If the National Bank tried to convince itself that the exchange rate adjustment would improve the competitiveness of exported domestic goods (which is true), consequences were indeed dire. For Kazakh citizen paid with tenge-based salaries, their purchase power and savings lost one fifth of their value in dollar terms. For businesses, prices skyrocketed to 20% higher over the course of the day: this pushed shop owners to limit sales on certain commodities and foodstuff. For Kazakhstan as a whole, the loss of external competitiveness of the tenge exchange rate will led to an increase in import prices for consumer goods (many of which are imported) and subsequent short-term inflation. The devaluation even caused minor uproar when a handful of protesters gathered in Almaty to denounce the situation, leading to several dozen people arrested.

Consecutive to the currency crisis, the National Bank promised to keep the inflation rate between 6 to 8% in 2014 and exports “competitive on the global market” – the two main challenges on the short term. On the longer run, the National Bank has enough reserves to take the tenge back to its previous level, probably by the end of the year. Crisis management will also be ensured by an inappropriate push to dedollarize the economy. In order to defuse the tension, President Nursultan Nazarbayev quickly required measures be taken to minimize the consequences of the devaluation, including the stabilization of consumer goods prices. Most importantly, the President announced a 10% increase in salaries for state employees (civil servants and national companies), as well as pensions (14%), students grants (10%), and social assistance (12%) starting 1 April 2014. The President also promised higher state subsidies for small businesses and the industrial sector.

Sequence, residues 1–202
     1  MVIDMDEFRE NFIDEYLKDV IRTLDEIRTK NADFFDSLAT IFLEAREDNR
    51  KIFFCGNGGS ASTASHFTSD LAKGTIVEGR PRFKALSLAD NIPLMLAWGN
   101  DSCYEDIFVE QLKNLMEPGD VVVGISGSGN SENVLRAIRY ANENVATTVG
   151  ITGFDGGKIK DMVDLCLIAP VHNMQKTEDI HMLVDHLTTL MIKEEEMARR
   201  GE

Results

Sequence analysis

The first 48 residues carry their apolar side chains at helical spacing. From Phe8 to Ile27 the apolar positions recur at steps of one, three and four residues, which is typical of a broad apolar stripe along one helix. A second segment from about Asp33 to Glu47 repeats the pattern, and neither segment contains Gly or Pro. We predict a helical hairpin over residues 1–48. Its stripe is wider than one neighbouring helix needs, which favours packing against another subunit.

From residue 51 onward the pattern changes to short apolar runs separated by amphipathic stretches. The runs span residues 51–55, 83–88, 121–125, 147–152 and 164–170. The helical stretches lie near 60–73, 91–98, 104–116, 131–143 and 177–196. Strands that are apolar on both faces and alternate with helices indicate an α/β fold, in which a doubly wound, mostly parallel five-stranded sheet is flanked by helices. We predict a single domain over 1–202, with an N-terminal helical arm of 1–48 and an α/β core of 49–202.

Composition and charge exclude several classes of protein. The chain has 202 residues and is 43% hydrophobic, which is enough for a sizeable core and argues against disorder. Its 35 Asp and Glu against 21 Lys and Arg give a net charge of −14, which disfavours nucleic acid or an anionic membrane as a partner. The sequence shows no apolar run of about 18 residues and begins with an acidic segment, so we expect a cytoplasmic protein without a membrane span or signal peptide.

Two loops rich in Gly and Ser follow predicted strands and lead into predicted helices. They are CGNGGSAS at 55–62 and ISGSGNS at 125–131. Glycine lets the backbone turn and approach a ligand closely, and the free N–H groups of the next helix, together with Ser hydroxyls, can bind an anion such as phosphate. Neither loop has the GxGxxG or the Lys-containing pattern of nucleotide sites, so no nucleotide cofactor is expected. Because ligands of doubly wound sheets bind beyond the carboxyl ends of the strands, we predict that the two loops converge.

Paradoxically enough, Kazakhstan might have to pour more ruble into its currency basket in order to increase its exchange rate capabilities or firmly adopt a free float policy to match Russia’s and become less sensitive to currency fluctuations. The fact that the Kashagan oilfield failed to produce energy revenues in 2013 – which would have boosted exports – did not help Kazakhstan’s currency.

The downfall of the tenge seriously puts into question the ability of the National Bank Chairman, Kairat Kelimbetov, to fulfill his professional obligations. It needs to be recalled that on 21 January, recently appointed Kelimbetov had (once again) announced that the situation in the currency market of Kazakhstan was “stable” and denied that Kazakhstan would have to use its reserves to keep the tenge afloat. A former Vice-Prime Minister, Kelimbetov is currently opposed to the President’s second son-in-law Timur Kulibaev, but remains quite close to Nazarbayev – this could explain why he is still in charge…


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– author of 4 posts on Registan.net.

A Sciences Po and King’s College London alumnus, Mathieu Boulègue is an analyst in the field of Russia/CIS security and geostrategic issues. He currently works as a project manager for a risk management consulting firm. He is also a member of the Institute Prospective et Sécurité en Europe (IPSE), a leading French geopolitical think-tank.